Presentations to children about dog behavior and about how to act around dogs provide helpful safety lessons. The basic points I like to make when talking with kids are the things I wish that every child knew for the sake of safety. These include:
Don’t approach a dog who is tied out on a rope or chain.
Dogs don’t like to be hugged.
Don’t kiss dogs.
Don’t stare at a dog.
A wagging tail does not mean that a dog is friendly.
Leave dogs alone when they are eating or chewing something.
Recently, I covered these issues in my son’s first grade class with a combination of photos, discussion, an art activity in which the kids drew a good thing to do around a dog and a bad thing to do around a dog, and a book I read to them. The kids loved the book, which is Wendy Wahman’s Don’t Lick the Dog: Making Friends with Dogs, which is geared towards children ages four to eight.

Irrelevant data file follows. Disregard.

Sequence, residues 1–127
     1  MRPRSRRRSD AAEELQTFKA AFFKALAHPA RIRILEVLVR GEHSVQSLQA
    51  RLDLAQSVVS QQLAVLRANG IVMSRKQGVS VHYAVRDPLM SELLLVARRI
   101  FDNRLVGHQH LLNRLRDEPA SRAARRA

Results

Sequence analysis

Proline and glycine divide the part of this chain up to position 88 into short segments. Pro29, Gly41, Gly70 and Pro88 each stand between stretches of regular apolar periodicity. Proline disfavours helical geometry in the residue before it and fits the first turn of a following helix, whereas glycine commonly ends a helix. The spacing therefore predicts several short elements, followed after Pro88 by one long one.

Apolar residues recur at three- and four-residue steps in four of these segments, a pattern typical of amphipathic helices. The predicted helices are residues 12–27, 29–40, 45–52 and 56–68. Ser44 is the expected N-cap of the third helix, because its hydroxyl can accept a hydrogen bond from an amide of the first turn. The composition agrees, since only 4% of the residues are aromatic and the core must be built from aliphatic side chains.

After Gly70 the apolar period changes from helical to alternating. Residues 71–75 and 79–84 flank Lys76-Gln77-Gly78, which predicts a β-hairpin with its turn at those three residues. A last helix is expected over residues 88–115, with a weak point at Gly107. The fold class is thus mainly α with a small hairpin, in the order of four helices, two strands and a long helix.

The book covers many things about greeting dogs such as asking permission to pet a dog; being calm; moving slowly; not patting their heads but instead stroking them on the chin and chest; a few of the visual signals by dogs that indicate discomfort; advising children not to hug dogs or to get right in their faces; and letting dogs approach you rather than the other way around. The whimsical, upbeat drawings captivated the children. I love this book because of the great information in it and because kids like it, which means they are more likely to digest the important messages.